In addition to the Introduction to Philosophy course I am also teaching another with the title “Nature, Cosmos, God” (basically a survey of theories of nature in the monotheisms and Darwin). We are going to read some selections from Maimonides Guide of the Perplexed and as I was prepping for that lecture I came across a passage where Maimonides displays some explicit racism. I thought this was interesting in the light of our book event on Carter’s Race because it calls into question some of his claims. I’ll quote the relevant section and then outline some of what I think might be going on here, but I’m no expert in Jewish thought and so am looking forward to what Bruce and Adam might have to say.
This passage is in the midst of a simile Maimonides develops where a city and one’s position within that city to its prince comes to represent their relationship with God and the Law. In effect the description here matches Carter’s outline of the various forms of covenant relationship. These forms all take place within the city, but there is an outside to the city and Maimonides isn’t afraid to place people there. The subsequent theological anthropology is incredibly disturbing in my view as he writes:
I shall now explain this simile to you which I have invented: those who are outside the city are all those human beings who possess no religious belief whatsoever, be it of a speculative or of a traditional nature, such as the outlying tribes of the Turks in the distant north and the negroes in the distant south, as well as those in our own part of the world who resemble them in this respect. There are like animals devoid of reason; in my view they are not to be classed as human beings, but among the beings below the humans and above the apes, since they possess human shape and outline and higher intelligence than the ape (III.LI).
In connection to the Carter event I wanted to highlight the form of subjectivity that Maimonides advocates. One of Carter’s claims is that a theology that turns away from the self is inherently faithful to the Gospel of Christ without supercessionism. That is it understands the life and death of Christ within the history of Israel, which is a history of covenant. Maimonides is interesting because he also has a kind of “kenotic” conception of the human self. Many of the passages where he deals with the proper way to live one’s life read to me as if they could have been placed in the mouths of Christian theologians with their poetic theology of suffering. Carter presents this in such a way that a logic of covenant should be able to avoid the whiteness of theology and yet we find in Maimonides, despite holding and basing his entire system (it seems to me) on just such a logic is also corrupted by this whiteness.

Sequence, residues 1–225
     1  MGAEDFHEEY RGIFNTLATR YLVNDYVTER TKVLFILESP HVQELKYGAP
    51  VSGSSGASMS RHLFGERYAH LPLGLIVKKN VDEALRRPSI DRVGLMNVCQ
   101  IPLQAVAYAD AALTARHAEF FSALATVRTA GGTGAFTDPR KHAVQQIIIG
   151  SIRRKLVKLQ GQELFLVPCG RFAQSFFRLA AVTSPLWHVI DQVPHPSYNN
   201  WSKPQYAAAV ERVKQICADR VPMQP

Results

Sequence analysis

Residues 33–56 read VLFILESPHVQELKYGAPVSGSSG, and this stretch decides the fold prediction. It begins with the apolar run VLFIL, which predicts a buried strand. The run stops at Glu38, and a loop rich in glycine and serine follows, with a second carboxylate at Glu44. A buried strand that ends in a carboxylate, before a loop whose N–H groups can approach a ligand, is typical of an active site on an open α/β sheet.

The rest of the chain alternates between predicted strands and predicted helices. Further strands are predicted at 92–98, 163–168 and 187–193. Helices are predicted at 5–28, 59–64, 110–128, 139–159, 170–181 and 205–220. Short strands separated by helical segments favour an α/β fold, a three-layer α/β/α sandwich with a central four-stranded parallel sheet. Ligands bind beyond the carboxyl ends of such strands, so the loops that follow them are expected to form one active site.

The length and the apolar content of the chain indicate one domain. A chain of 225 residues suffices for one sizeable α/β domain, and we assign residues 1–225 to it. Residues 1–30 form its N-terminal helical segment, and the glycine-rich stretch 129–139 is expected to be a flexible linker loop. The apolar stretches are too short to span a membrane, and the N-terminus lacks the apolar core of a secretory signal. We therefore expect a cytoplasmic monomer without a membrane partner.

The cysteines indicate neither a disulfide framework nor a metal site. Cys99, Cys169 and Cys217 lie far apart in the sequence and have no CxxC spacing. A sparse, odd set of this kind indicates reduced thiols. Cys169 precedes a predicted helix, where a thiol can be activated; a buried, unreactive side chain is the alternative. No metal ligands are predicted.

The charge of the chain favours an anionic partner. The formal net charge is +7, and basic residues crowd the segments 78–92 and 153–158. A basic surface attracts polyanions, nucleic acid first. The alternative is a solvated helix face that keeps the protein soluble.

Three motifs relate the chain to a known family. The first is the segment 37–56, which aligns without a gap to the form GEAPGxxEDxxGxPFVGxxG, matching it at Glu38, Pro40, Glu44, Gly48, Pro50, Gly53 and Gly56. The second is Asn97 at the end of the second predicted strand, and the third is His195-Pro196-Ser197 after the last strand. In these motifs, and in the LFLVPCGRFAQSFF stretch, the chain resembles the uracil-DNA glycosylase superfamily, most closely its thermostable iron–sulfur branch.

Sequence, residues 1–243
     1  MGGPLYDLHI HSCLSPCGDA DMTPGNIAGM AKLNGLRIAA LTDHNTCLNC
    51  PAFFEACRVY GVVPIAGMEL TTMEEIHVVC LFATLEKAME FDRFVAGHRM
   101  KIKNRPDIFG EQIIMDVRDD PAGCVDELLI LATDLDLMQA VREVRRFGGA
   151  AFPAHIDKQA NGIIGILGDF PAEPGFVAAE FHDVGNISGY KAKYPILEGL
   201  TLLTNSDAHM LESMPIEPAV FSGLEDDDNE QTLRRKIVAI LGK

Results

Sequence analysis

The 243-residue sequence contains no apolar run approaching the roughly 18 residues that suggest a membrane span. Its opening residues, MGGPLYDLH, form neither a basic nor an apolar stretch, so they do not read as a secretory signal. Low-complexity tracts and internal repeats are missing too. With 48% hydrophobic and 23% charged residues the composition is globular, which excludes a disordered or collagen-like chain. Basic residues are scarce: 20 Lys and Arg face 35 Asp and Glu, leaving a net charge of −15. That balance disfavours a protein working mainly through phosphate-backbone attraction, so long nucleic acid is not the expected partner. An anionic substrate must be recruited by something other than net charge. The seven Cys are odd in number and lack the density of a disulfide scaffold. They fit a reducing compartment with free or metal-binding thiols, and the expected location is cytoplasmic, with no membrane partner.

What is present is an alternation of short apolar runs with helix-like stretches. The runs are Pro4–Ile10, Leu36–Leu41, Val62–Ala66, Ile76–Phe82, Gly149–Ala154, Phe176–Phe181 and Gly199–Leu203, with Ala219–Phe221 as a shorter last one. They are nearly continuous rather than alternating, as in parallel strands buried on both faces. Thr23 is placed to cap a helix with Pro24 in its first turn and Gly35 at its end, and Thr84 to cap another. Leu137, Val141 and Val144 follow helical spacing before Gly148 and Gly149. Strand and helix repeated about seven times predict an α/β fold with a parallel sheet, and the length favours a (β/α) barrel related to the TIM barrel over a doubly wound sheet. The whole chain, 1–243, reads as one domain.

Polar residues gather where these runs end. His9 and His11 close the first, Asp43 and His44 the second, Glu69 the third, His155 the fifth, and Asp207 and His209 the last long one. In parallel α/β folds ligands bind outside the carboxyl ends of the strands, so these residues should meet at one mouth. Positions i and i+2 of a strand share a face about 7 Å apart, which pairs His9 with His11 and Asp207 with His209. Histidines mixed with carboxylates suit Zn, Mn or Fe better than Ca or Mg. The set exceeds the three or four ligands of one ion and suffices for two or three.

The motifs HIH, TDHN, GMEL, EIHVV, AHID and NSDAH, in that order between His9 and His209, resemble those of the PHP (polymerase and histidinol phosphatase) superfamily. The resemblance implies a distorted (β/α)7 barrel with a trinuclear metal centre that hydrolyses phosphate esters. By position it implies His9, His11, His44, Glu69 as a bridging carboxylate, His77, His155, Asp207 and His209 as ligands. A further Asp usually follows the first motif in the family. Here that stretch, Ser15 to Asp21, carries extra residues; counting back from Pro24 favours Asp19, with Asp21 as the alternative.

A potential counter-reading to the one I’m putting forward here might focus on Maimonides discussion of animals in earlier parts of the book. Maimonides seems to operate with a highly modified form of Neoplatonic hierarchy, but the form of this modification is very important. While he claims that only human beings are effected by divine providence, that has to be read in the light of his naturalization of the divine law such that the dignity of animals is raised (“[do not believe] that all things exist for the sake of the existence of man, but that all things other things were intended for their own sake, not for the sake of any other thing [III.XIII].”). In my view what you get with Maimonides is a view of animals as basically fellow creatures who, like human beings, lack any purpose. That shared lack of purpose ironically creates, for Maimonides, a certain ethical injunction similar to what you find amongst liberal foodies. So an absolute ethical injunction to not eat meat isn’t given, but he does say “We should never inflict suffering needlessly and without purpose, but should endeavour to show mercy and kindness even to every animal, except when our needs demand otherwise (III.XVIII)”.
A creative reading of this could purpose get Maimonides out of the bind of whiteness, but I think it would feel very forced since Maimonides appears at times to write inconsistently with prior claims and so this reading would leave a lot of open questions.